The primary outcome measure was the change in the Aging Male Symptom (AMS) questionnaire, a measure of possible androgen deficiency symptoms. The AMS questionnaire, which includes 17 questions in three domains (psychological, somatic, and sexual), was completed at baseline, week six, and week 12. Secondary outcome measures were sexual function and serum testosterone. Sexual function was assessed using the Derogatis Interview for Sexual Functioning-Self Report (DISF-SR) questionnaire at baseline and at week 12. Serum levels of total testosterone, calculated free testosterone, sex hormone binding globulin (SHBG), dehydroepiandrosterone sulfate (DHEA-S), androstenedione, estradiol, and prolactin were measured from fasting blood draws at baseline, week six, and week 12. Serum lipids, electrolytes, and liver function were also assessed at baseline and week 12.
Of the 120 enrolled subjects, 111 completed the study (55 in the active treatment group and 56 in the placebo group). Five subjects in the placebo group discontinued treatment (two noted a lack of results and three gave no reason). In the fenugreek group, four subjects discontinued treatment (two for personal reasons and two because of adverse effects [AEs] including headache and dizziness). The remaining subjects in the treatment group ranged in age from 43 to 75 years (mean = 54.8 years); those in the placebo group were aged from 40 to 74 years (mean = 56.4 years).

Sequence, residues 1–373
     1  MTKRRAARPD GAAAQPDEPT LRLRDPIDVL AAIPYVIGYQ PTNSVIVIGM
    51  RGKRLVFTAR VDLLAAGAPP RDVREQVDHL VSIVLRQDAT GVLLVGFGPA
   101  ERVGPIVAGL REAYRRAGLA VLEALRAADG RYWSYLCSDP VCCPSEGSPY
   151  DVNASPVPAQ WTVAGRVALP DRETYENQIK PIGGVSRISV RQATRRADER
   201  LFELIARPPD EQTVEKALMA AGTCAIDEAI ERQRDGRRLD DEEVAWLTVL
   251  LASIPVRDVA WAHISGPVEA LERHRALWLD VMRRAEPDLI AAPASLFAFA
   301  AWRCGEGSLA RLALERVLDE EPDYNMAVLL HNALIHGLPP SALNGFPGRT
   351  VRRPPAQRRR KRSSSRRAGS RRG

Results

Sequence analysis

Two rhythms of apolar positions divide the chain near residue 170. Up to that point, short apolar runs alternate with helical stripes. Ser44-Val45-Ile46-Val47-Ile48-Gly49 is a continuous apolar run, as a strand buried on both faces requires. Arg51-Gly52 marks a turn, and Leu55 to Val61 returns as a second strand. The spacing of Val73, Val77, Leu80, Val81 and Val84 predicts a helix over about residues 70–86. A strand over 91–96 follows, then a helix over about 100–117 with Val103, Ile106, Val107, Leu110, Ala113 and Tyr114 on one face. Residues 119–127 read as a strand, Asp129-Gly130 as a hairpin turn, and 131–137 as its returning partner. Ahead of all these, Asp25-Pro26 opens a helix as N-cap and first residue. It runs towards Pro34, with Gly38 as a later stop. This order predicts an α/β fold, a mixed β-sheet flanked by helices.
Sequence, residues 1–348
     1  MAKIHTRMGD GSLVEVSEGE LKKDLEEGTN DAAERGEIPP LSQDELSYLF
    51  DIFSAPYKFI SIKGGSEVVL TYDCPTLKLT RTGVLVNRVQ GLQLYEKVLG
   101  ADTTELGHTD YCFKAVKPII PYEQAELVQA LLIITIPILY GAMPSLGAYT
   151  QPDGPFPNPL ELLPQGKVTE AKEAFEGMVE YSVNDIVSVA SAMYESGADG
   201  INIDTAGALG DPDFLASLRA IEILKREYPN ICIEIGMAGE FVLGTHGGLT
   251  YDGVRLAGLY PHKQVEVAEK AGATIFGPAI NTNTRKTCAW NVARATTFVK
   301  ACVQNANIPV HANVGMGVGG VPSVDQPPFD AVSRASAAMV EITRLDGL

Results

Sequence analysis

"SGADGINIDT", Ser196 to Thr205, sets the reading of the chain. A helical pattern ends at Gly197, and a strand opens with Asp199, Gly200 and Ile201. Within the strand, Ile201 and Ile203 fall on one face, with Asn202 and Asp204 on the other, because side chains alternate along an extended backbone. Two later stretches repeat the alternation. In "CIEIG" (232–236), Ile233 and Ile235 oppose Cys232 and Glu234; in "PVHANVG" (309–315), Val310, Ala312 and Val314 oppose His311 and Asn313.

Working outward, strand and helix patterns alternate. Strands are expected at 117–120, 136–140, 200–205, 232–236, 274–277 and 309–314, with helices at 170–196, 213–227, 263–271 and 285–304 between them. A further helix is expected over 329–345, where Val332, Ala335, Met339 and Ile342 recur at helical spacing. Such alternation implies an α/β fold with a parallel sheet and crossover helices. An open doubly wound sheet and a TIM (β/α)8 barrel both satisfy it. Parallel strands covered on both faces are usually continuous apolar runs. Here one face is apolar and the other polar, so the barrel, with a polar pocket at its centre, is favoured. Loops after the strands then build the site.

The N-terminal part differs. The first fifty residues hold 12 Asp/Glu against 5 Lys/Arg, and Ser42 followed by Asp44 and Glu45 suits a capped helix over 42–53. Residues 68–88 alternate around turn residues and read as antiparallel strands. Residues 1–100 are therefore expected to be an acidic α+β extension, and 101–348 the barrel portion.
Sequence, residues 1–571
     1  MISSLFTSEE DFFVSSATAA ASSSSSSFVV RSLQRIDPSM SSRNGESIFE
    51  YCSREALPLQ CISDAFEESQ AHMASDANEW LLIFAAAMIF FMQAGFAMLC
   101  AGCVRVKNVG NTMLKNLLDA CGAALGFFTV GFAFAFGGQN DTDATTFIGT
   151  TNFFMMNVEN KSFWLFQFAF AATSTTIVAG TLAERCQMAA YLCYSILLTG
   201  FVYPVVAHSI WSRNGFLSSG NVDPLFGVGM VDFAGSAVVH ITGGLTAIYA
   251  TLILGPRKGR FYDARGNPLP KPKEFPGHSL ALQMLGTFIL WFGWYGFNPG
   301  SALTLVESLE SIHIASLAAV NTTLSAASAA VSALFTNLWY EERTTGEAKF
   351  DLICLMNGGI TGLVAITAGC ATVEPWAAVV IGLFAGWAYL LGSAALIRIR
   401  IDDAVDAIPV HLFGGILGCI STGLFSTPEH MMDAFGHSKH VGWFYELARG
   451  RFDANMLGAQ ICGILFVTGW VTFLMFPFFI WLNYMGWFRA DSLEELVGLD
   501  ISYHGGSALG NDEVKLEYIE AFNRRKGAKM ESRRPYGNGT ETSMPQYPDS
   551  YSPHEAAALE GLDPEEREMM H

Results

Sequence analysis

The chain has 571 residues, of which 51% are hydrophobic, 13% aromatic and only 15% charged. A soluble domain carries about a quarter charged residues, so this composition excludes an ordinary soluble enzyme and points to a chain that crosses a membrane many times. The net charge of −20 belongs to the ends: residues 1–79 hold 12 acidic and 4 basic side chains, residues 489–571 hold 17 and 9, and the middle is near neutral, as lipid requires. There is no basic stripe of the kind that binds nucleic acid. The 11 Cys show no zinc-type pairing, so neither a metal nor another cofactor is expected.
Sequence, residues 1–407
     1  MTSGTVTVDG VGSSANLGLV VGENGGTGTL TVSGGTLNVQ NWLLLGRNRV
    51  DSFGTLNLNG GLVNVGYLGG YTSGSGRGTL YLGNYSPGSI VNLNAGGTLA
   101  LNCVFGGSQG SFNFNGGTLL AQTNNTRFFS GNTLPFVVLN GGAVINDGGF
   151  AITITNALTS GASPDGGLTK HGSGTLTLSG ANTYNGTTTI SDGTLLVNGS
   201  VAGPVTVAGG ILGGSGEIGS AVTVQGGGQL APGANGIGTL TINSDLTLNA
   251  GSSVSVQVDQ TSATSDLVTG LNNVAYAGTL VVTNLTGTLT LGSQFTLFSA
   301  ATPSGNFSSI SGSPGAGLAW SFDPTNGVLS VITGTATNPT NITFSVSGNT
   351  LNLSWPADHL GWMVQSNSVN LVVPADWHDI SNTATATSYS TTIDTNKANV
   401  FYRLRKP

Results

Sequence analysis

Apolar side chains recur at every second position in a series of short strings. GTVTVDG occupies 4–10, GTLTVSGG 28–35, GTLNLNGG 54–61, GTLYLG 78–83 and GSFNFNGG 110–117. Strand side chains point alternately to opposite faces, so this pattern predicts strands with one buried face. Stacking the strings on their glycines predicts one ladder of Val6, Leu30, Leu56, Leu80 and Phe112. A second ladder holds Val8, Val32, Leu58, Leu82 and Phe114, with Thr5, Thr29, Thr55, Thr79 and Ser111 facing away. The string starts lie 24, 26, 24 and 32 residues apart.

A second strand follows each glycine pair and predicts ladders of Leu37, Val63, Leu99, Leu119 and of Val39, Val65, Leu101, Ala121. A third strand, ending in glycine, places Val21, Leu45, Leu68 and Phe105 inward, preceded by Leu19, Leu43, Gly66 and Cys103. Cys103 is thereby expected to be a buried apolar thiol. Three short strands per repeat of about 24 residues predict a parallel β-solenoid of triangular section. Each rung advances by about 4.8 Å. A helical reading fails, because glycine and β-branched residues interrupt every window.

No significant baseline between-group differences were seen in anthropometric measures, lifestyle factors, or lipid profiles. In both groups, the mean serum levels of total testosterone and free testosterone concentrations fell within the lower end of the healthy reference range for men in this age group. Correlations observed at baseline for all subjects were as follows: weak negative correlation between age and free testosterone, negative correlation between body mass index (BMI) and both total testosterone (P = 0.002) and free testosterone (P = 0.003), and total testosterone positively associated with high-density lipoprotein cholesterol (HDL-C) (P = 0.017) but not with total cholesterol or low-density lipoprotein cholesterol (LDL-C). No correlation between testosterone and the AMS score was observed except for the somatic subdomain (P = 0.001), and no correlations were seen between total or free testosterone levels and sexual function, sleep, or physical activity.